I pursed my lips. “Yet it’s also a creature that God created, right? Seems strange for God to make something, call it good, and then turn around and have it be intrinsically evil.”
He gave me a considering look, but still had a smile on his face. “Well, that’s true. It’s more of a metaphor. I suppose it’s not the snake that’s evil, but the decision by Adam and Eve to eat the fruit of the tree of knowledge of good and evil.”
I set my fork down, looking over at him. Bex and Hannah kept looking back and forth between the two of us as if they were spectators at a tennis match.
“Then in fact, you could say that the real sin is the desire to sit in God’s place, right? To be the one who perfectly knows what’s good and evil and be able to cast judgment on others because of that.”
His smile only deepened. “Sure. That’s God’s role alone, but that’s why he gave us his word too. And the Bible’s quite clear on the important things, no matter how much modern man tries to twist the scriptures. You know, calling evil good and good evil, to paraphrase Isaiah.”
Right, I wanted to say. The important things, like needing to performatively say a prayer before every meal, but not being willing to accept your daughter for who she is. To prefer to see her suffering in misery under your own narrow conception of truth, rather than help her to flourish and shine as a positive force in the world.
Bitterness coursed through my veins at the thought. I don’t know how a stupid discussion of snakes had led to talking about deeper issues, and I didn’t exactly think that Bex’s dad realized what I had implicitly been trying to say, but I think both of our meanings were actually pretty clear. And what a lack of imagination someone must have, to only be able to think of a God as a cruel judge imposing arbitrary rules, not a loving creator who wanted happiness for their creation.
That’s what I wanted to say in response. But I also realized now just how pointless this was. I wasn’t going to be able to figure out a perfect angle or counterargument that he’d accept and internalize, even if we were talking about things directly and not in this weird roundabout way. He’d had years to build a perfect little wall around his tiny world, and even if I could conclusively demonstrate the hypocrisy involved, there’d always be one more way to escape, one more justification in place.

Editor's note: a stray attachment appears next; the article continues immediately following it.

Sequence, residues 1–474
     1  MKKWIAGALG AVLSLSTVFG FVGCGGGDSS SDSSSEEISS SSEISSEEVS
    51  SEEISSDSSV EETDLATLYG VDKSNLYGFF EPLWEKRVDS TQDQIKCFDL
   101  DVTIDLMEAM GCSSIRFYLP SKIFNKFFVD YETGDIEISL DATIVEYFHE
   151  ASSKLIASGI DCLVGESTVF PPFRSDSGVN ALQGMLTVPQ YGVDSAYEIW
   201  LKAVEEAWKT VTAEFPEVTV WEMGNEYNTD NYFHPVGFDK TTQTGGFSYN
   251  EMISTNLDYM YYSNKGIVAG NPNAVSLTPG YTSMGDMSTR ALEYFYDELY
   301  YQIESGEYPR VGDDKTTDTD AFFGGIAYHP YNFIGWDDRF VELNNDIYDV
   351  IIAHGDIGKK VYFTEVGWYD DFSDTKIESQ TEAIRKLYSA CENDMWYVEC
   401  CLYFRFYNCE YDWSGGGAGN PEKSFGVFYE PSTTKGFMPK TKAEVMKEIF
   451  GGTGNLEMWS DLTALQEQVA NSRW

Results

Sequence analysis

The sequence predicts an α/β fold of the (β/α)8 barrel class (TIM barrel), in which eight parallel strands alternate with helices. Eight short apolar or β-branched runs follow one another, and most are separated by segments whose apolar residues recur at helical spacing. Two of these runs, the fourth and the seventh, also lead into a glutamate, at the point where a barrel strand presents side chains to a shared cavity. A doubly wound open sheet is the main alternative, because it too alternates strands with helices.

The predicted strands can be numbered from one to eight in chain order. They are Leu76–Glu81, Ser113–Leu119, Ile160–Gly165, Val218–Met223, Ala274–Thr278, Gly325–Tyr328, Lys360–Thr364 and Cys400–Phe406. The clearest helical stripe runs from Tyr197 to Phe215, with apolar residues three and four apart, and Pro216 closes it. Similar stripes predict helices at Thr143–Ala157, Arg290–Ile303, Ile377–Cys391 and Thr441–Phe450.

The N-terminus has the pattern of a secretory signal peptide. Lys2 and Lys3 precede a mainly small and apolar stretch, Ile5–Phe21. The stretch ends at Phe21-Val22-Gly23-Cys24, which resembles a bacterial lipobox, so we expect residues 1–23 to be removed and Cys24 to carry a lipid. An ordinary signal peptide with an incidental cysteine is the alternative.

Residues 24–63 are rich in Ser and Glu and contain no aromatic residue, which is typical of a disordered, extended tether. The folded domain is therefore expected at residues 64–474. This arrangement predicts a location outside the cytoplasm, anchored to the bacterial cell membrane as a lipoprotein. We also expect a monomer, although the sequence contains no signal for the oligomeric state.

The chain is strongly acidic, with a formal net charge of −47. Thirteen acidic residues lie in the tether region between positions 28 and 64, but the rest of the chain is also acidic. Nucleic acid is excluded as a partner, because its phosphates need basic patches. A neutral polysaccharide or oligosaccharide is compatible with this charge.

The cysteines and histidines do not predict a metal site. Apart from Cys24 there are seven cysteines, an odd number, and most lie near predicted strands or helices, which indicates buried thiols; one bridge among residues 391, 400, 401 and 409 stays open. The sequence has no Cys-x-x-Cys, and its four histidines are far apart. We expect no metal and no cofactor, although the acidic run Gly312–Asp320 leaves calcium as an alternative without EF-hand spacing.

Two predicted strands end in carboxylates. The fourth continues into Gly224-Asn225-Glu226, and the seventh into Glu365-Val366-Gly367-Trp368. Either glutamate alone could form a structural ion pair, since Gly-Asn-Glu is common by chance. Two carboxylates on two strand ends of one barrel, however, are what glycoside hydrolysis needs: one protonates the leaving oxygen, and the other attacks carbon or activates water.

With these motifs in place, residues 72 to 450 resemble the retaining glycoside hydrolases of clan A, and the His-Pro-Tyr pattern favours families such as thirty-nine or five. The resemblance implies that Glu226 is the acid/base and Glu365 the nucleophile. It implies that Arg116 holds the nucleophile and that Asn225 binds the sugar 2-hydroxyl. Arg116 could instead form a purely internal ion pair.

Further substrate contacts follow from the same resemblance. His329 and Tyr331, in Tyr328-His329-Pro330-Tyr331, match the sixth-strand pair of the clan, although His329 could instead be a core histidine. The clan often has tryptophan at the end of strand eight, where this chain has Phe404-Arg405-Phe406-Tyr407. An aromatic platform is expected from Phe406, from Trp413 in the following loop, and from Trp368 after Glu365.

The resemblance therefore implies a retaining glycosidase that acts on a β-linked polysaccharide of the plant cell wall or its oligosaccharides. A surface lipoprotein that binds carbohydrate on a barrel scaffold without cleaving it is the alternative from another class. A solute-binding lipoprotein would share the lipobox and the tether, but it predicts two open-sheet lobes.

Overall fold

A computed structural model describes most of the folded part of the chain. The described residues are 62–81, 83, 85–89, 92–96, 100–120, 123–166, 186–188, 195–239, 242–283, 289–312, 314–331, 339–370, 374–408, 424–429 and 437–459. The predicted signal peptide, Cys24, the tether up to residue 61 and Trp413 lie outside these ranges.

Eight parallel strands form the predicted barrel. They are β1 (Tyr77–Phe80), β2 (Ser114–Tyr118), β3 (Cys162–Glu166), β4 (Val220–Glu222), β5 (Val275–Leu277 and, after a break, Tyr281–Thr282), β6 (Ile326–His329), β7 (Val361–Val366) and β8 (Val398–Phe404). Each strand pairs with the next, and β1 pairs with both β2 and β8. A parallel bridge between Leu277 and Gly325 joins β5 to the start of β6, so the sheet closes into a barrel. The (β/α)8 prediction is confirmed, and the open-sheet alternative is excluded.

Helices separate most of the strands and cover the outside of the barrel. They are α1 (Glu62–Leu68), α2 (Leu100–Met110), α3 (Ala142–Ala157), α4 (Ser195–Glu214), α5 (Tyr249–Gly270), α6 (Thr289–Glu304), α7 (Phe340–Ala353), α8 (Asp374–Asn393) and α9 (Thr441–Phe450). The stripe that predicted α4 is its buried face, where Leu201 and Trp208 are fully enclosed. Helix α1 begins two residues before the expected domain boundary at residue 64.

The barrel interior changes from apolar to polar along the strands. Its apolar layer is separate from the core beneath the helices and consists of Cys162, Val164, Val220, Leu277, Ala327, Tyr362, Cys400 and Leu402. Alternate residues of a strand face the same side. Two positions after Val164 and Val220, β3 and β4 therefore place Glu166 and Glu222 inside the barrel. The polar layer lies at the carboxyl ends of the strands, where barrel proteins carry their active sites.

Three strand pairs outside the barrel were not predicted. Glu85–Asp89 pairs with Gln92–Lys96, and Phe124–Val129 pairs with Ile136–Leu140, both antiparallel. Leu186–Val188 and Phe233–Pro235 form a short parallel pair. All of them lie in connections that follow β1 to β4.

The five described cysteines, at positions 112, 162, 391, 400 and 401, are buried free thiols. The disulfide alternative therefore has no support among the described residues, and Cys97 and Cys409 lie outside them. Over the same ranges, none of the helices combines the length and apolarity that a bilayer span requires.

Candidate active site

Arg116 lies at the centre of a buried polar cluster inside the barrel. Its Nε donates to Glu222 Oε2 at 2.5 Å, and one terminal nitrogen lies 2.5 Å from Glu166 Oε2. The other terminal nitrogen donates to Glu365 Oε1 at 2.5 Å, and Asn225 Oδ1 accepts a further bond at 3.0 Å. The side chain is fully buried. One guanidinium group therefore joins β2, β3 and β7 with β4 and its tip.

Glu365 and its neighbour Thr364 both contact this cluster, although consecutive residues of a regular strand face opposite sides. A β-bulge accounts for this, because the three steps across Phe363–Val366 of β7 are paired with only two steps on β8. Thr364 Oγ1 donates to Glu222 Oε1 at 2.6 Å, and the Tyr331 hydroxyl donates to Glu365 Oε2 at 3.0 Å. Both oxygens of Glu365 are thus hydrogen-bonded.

I think I understood now. He was a bigot, alright, but not like he was just some troll taking pride in flaunting their edgy opposition to a modern societal consensus. Worse than that. He had enmeshed himself in such a complete, constructed mental world that he could believe himself always in the right. Where he was the oppressed victim of an intolerant society that had grown beyond the constraints of his exclusionary black and white morality. And his fake world expected others to not just accept his beliefs, but show deference to them. Like the fact that he based his shitty opinions in religion gave him the right to force other people to legitimize them, and for him to turn around and shame them for their own supposed intolerance if they weren’t willing.
Alright, I might have veered off course at this point. Or at least into making certain assumptions about him that reflected more of my own relationship with certain members of my family than whatever the strange circumspect conversation we were actually having. Maybe I was wrong. Maybe he was sort of okay underneath the vaguely slimy religiosity.
I took a breath. “Sorry, I’m a bit defensive about reptiles.” I needed to redirect the conversation away from here before I said something that I shouldn’t. So I looked over at Bex and smiled. “What is it that you study?”
“Um.” Bex’s eyes drifted over to her father, whose smile dropped away.
“About that,” Bex’s dad said. “We’ve decided that it’s best if he takes an indefinite break from college.”
“What?” Hannah and I said almost simultaneously.
“There’s a lot of work that needs to be done around the church -- some yardwork, minor repairs here and there. Maybe help out in the office, too? That seems like the kind of positive environment he needs right now. And he’d get to spend more time with his old man! Isn’t that right, son?”
“Yes, sir.” Bex’s voice was practically inaudible. She stared down at her lap, completely expressionless.
And it clicked together into my mind. I wasn’t wrong, after all. That was exactly who Bex’s dad was, a narrow-minded small man only concerned with God as a way to police the order of his tiny toxic universe. He hid it well behind a veneer of reasonableness, but seeing him for who he was underneath only made me despise him more.
And that realization reinforced my desire to get Bex away from him.
Hannah was still gaping. “But you— They—” She paused, clearly trying to think of some counterargument. “Shouldn’t the, uh, ‘man of the house’ have a real career to be able to provide for their family? You always said education was important for that.”
“It is. But I’m worried about the bad influences out there.” Bex’s father frowned at Hannah. “You’ve always been particularly hard-headed, and so I have some manner of trust in you to resist that kind of thing, but your brother is… sensitive. I really think it’s for the best that he be in a place that’s less confusing, surrounded by people who put God first in their lives.”